All researchers know that the ability to conduct good research depends on trustworthy data. For self-report rating scale data, a frequent concern is lack of respondent effort, or careless responding. If pervasive, this quickly leads to compromised research findings. Computer-based assessment has introduced new opportunities for monitoring respondent effort. It also could lead to interventions when low effort is detected.
Quantitative Methods student Weicong Lyu has been studying one source of such evidence, known as anchoring behavior—the tendency of respondents to choose rating categories close by their response to the previous item. He presents a psychometric model for measuring such behavior in an article recently published with co-author Dan Bolt, Quantitative Methods Professor, in the British Journal of Mathematical and Statistical Psychology. He also proposes ways of studying the relation of anchoring behavior to other documented evidence of reduced respondent effort, such as overly fast response times and the adoption of response styles.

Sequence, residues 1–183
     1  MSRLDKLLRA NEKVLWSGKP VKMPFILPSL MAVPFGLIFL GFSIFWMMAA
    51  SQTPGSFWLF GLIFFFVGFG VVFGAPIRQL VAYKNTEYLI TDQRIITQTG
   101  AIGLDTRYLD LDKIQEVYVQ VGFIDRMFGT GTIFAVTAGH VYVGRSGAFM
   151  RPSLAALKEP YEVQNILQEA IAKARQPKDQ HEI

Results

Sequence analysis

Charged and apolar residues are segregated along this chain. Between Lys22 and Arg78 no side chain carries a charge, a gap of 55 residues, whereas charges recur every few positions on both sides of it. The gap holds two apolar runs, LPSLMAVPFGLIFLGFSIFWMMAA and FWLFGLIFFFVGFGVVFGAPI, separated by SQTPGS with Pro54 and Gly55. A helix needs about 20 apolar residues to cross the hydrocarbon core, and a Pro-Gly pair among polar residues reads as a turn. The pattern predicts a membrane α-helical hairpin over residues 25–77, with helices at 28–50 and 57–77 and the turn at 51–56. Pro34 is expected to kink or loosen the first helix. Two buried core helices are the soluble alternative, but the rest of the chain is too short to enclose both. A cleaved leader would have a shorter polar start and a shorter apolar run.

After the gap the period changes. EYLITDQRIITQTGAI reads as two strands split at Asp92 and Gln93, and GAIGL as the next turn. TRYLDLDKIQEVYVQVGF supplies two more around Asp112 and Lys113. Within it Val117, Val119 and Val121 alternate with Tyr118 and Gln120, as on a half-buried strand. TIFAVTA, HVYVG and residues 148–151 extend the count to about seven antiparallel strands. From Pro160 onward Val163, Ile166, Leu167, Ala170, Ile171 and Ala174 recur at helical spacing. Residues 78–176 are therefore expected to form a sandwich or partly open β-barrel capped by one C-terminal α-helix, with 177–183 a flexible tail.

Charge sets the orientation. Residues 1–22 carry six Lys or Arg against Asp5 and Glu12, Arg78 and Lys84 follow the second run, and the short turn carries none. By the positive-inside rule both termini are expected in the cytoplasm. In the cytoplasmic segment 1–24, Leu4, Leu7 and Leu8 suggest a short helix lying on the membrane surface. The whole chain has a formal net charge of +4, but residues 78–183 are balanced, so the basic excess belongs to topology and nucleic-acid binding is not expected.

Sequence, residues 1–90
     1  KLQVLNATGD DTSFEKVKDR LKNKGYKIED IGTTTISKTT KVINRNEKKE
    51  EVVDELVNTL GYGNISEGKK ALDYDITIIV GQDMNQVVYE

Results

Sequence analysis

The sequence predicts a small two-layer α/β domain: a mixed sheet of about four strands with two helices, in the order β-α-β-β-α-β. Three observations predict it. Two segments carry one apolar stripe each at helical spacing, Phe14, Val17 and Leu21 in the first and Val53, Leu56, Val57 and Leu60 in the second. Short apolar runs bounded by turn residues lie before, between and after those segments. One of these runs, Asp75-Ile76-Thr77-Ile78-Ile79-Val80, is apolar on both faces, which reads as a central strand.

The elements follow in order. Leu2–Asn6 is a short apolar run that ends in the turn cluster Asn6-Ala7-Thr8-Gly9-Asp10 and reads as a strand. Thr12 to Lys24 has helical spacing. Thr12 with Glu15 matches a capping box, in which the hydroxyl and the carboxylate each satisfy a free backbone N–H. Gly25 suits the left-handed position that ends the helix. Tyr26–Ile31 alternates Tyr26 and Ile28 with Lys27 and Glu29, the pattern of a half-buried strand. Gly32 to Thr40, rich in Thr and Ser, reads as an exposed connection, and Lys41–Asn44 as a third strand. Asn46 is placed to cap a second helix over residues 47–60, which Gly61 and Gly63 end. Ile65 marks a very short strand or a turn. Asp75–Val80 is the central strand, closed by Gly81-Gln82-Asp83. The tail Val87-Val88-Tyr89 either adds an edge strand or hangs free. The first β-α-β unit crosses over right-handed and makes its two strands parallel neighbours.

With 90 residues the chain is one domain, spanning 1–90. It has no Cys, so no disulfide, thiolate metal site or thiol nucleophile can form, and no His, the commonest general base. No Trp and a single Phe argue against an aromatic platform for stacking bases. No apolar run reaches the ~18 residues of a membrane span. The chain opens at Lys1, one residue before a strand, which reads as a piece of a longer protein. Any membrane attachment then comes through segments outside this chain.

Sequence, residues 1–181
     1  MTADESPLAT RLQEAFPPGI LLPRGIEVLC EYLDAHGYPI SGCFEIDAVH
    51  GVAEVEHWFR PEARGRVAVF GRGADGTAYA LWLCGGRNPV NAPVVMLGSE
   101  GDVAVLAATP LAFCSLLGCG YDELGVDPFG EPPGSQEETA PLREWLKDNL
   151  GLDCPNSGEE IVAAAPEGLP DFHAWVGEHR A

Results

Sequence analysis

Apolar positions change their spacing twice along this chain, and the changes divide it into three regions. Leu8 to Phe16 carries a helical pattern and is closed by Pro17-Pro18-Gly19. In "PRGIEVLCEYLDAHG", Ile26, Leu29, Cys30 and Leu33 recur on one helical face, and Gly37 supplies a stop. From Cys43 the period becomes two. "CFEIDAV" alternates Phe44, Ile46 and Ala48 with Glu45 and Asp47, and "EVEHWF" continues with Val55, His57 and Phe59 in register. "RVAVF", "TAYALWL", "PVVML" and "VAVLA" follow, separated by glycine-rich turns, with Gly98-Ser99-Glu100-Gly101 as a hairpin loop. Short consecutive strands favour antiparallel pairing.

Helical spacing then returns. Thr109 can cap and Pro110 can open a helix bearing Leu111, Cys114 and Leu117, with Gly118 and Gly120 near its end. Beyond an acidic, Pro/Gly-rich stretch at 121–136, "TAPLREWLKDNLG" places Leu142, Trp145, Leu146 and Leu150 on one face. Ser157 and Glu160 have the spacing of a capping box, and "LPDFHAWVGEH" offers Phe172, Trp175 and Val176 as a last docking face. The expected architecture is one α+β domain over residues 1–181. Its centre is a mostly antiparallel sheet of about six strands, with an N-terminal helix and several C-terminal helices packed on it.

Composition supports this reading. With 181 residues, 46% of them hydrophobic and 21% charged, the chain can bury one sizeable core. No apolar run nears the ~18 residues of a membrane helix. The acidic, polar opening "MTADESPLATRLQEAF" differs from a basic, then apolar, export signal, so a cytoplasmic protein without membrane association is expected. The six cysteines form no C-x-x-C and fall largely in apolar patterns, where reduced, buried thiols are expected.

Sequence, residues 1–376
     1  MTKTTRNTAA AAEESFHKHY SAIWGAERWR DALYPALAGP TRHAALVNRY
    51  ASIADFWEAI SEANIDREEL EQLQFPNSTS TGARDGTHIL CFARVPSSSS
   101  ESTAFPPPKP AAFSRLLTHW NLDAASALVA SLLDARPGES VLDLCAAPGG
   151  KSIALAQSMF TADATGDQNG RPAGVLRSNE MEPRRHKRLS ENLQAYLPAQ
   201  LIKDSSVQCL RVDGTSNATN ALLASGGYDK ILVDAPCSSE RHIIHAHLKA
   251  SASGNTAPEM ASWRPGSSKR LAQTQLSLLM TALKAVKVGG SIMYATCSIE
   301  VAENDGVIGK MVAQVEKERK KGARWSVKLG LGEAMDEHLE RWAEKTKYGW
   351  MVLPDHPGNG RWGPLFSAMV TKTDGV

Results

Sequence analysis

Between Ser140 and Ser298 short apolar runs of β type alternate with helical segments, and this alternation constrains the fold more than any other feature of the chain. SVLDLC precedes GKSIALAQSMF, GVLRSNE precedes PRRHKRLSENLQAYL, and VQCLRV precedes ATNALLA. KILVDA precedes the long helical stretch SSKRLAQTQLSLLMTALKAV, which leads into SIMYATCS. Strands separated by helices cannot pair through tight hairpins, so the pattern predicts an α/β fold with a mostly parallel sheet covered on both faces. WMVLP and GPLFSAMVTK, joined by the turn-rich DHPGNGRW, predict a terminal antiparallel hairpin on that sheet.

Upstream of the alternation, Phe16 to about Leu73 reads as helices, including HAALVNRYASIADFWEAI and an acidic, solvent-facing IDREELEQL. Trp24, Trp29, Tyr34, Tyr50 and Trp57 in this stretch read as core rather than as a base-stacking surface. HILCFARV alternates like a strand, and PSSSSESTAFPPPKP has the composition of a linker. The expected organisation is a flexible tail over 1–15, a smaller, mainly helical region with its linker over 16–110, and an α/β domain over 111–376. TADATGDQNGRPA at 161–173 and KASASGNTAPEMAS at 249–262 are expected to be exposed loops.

You can find the results of his work here: https://bpspsychub.onlinelibrary.wiley.com/doi/epdf/10.1111/bmsp.12251